Holdover Clauses in a Lease From the Landlord’s and Tenant’s Perspectives

Concerning holdover rental provisions, from a landlord’s perspective, the language should provide that if the tenant holds over its possession after the expiration or earlier termination of the original term, or any extended term, such holding over shall not be deemed to extend the term or renew the lease. However, any such hold over thereafter shall continue upon the covenants and conditions set forth in the lease, except that the charge for use and occupancy of such holding over for each calendar month or part thereof shall be the sum of 1/12 of the highest annual rent rate set forth in the lease, times 200% to 300%, plus all other additional rent due under the lease.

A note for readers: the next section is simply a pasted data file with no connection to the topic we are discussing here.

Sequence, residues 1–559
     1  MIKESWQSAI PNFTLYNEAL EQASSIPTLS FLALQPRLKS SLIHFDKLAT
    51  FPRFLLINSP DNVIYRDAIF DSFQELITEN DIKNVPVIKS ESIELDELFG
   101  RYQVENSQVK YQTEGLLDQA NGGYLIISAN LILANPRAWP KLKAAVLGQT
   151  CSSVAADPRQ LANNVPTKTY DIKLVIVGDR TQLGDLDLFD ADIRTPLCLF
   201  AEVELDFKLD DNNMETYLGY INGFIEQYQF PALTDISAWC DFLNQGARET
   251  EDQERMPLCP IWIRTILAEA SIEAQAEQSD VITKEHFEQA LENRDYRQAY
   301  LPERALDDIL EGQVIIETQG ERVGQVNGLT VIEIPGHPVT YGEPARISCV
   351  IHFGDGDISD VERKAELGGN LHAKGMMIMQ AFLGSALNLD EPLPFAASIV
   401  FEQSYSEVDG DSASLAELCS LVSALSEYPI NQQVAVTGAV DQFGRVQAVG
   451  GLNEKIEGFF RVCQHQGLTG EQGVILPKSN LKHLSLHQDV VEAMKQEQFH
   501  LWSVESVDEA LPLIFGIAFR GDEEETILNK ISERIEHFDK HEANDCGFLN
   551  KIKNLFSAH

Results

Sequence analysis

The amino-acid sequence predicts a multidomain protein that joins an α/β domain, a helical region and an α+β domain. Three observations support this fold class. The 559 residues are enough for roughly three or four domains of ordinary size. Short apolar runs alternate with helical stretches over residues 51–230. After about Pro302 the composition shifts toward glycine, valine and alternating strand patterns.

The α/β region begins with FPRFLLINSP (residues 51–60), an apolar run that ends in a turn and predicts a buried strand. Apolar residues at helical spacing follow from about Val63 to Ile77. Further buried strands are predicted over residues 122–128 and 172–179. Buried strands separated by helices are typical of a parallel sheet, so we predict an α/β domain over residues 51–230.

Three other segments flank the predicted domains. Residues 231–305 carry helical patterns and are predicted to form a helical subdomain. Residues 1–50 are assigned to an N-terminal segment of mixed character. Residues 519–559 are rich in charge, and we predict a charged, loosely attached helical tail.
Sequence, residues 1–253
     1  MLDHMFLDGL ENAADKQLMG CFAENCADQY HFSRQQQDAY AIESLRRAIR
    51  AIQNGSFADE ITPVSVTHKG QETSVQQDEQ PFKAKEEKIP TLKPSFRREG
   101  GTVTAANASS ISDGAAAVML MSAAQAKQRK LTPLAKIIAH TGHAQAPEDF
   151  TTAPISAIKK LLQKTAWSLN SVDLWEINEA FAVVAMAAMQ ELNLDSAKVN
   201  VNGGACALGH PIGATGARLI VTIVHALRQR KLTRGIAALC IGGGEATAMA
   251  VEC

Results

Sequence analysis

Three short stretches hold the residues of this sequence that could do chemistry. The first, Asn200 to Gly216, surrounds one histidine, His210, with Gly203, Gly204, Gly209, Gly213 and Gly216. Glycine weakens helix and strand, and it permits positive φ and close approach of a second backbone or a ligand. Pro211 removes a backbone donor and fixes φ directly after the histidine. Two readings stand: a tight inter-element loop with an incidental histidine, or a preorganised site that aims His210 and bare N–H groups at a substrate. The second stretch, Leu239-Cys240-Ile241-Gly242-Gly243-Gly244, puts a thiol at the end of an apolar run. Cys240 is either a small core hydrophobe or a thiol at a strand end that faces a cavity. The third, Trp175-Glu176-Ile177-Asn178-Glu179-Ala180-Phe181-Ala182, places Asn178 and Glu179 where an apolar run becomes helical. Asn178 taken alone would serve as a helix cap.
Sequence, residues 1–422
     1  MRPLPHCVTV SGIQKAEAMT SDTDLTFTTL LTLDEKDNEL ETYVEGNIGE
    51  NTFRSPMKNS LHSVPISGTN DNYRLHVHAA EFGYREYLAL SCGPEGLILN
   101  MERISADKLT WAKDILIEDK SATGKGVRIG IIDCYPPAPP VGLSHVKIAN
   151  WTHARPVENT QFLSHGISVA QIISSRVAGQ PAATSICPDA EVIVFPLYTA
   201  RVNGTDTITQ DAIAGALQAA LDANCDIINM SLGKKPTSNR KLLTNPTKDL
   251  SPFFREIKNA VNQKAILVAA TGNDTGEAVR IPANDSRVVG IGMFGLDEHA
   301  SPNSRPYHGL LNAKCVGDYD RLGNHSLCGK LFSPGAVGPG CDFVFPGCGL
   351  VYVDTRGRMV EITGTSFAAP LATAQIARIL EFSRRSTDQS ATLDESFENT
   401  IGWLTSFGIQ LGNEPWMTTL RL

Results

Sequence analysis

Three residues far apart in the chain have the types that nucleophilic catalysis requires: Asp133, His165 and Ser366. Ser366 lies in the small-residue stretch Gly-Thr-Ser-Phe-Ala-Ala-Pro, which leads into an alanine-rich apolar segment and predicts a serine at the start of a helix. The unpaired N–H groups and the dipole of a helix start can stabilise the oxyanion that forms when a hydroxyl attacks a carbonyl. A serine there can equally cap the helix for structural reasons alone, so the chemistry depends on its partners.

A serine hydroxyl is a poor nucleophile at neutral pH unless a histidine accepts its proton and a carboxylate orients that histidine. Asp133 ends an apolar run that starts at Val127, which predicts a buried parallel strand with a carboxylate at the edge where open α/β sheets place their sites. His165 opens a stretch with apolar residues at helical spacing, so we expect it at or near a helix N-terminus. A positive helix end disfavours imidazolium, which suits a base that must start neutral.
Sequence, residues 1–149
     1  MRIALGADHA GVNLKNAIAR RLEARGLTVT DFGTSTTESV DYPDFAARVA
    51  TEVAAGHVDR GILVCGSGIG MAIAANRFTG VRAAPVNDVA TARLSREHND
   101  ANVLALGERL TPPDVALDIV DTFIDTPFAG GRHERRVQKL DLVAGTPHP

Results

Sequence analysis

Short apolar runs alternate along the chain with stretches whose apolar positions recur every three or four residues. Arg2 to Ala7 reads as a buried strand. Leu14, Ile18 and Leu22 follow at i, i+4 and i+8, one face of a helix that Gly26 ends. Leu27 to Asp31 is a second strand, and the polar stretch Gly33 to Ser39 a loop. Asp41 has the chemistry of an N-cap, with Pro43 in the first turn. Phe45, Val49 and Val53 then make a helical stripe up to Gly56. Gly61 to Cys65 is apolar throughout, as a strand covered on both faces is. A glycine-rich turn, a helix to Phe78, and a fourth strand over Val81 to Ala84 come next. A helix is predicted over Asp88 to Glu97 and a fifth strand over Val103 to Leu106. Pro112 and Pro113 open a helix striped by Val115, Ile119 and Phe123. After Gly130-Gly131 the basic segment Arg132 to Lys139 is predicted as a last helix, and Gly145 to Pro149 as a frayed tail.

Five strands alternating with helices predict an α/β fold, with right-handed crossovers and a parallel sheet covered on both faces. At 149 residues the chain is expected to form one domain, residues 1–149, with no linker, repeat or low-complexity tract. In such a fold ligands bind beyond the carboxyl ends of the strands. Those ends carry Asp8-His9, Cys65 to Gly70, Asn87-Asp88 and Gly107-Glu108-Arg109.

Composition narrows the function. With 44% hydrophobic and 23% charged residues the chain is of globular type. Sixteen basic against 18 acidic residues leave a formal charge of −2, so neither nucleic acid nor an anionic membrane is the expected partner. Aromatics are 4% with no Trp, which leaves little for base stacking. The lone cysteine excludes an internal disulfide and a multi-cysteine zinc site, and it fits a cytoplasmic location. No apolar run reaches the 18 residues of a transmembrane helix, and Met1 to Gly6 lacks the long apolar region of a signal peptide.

Tenants should at least attempt to make sure that they secure language which allows the holdover percentage to be 125% to 150% for the first 30 to 60 days of the lease. From a tenant’s perspective, if given a choice between being stuck with either an indemnity or rental penalty provision, that, choosing the rental penalty provision is more prudent. A landlord should be entitled to be compensated as a consequence of its tenant’s holdover. The goal on behalf of the tenant is to (a) remove the holdover indemnity language if the landlord is savvy enough to have it contained in the lease; and (b) ultimately agree to pay one and one-half, and if necessary, two times, the last rental called for in the lease. If the landlord insists on having two times or even three times the last rental provision, a tenant should request a carve out that allows it to pay “only” one and one-half times for the first two months of the holdover before graduating to penalty valued at two or three times the monthly rent.